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What is an IPO?

An IPO, or an Initial Public Offering, is a process that enables privately held companies to offer their shares to the public for the first time. The capital is usually raised by these companies to finance their growth and expansion. IPOs offer an excellent opportunity for investors to get in at ground zero of a publicly traded company.

How does an IPO work?

During an IPO, the company collaborates with investment banks to underwrite and facilitate the offering. The underwriters assist in setting the offering price, marketing the shares to potential investors, and navigating regulatory requirements. Once the IPO is launched, shares are sold to institutional and retail investors through a public offering, and the company's stock begins trading on a stock exchange.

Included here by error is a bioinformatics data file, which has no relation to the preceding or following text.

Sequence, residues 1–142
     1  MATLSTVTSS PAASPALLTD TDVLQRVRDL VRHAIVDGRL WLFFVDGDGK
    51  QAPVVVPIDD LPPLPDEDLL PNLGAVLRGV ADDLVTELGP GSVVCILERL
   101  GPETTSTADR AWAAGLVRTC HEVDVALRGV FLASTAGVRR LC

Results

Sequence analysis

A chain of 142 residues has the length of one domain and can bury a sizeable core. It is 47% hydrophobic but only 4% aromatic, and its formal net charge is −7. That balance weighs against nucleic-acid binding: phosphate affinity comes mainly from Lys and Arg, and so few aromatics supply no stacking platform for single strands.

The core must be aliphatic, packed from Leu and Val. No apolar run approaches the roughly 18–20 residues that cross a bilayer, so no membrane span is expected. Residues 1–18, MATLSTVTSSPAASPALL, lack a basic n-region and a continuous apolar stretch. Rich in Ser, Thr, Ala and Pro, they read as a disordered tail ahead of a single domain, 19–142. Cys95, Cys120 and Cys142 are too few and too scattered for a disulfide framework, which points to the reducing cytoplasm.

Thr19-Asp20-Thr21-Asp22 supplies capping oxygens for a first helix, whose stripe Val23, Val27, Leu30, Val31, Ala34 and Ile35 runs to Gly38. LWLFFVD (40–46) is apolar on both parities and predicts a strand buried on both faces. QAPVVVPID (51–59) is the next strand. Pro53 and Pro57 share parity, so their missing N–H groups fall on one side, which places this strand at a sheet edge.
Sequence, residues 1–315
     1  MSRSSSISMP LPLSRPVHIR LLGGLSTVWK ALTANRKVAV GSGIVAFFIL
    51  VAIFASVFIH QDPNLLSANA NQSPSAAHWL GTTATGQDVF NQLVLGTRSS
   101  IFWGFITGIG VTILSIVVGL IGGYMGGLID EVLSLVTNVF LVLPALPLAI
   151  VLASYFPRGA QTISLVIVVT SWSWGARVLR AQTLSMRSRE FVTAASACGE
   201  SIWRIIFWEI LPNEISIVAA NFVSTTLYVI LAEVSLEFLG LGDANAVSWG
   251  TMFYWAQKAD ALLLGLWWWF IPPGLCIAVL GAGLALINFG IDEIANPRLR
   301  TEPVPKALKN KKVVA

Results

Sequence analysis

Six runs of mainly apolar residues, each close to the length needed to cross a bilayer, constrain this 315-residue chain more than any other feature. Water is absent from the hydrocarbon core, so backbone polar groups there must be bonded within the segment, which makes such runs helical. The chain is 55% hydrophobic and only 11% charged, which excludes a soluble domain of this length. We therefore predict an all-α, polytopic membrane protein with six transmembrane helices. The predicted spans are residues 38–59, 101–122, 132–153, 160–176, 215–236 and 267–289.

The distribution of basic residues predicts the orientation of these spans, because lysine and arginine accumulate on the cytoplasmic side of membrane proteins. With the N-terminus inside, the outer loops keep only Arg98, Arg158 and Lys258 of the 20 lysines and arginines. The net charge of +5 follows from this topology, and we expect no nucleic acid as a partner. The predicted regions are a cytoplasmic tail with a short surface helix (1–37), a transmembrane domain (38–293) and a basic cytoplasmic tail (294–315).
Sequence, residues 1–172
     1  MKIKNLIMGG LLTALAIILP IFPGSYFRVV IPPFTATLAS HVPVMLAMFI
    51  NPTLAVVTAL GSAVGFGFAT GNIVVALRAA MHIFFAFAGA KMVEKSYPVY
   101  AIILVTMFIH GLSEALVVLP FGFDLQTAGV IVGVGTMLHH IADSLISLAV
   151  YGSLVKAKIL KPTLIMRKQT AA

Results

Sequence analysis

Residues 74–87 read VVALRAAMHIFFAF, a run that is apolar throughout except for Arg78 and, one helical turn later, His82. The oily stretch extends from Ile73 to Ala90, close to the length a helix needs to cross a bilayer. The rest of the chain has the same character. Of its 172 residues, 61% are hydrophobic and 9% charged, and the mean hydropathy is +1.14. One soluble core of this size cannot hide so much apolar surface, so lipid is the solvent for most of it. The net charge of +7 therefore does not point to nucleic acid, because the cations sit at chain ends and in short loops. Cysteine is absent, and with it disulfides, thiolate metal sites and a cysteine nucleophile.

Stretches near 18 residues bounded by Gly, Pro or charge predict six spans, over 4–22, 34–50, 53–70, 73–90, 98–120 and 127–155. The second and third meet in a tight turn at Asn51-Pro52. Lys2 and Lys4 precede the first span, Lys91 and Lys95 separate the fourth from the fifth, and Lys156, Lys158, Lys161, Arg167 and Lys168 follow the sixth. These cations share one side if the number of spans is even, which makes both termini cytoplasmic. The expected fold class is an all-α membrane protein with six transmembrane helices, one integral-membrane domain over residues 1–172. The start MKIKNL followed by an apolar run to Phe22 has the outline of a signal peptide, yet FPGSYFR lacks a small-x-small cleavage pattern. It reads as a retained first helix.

How do I know if an IPO is good?

Investors often assess the performance of IPOs based on various factors such as the opening price compared to the offering price, post-listing price volatility, and long-term stock performance. While IPOs can offer lucrative investment opportunities, they also carry risks, including market volatility and uncertainty surrounding the company's future prospects. Conducting thorough research and due diligence is essential for making informed decisions when considering IPO investments.

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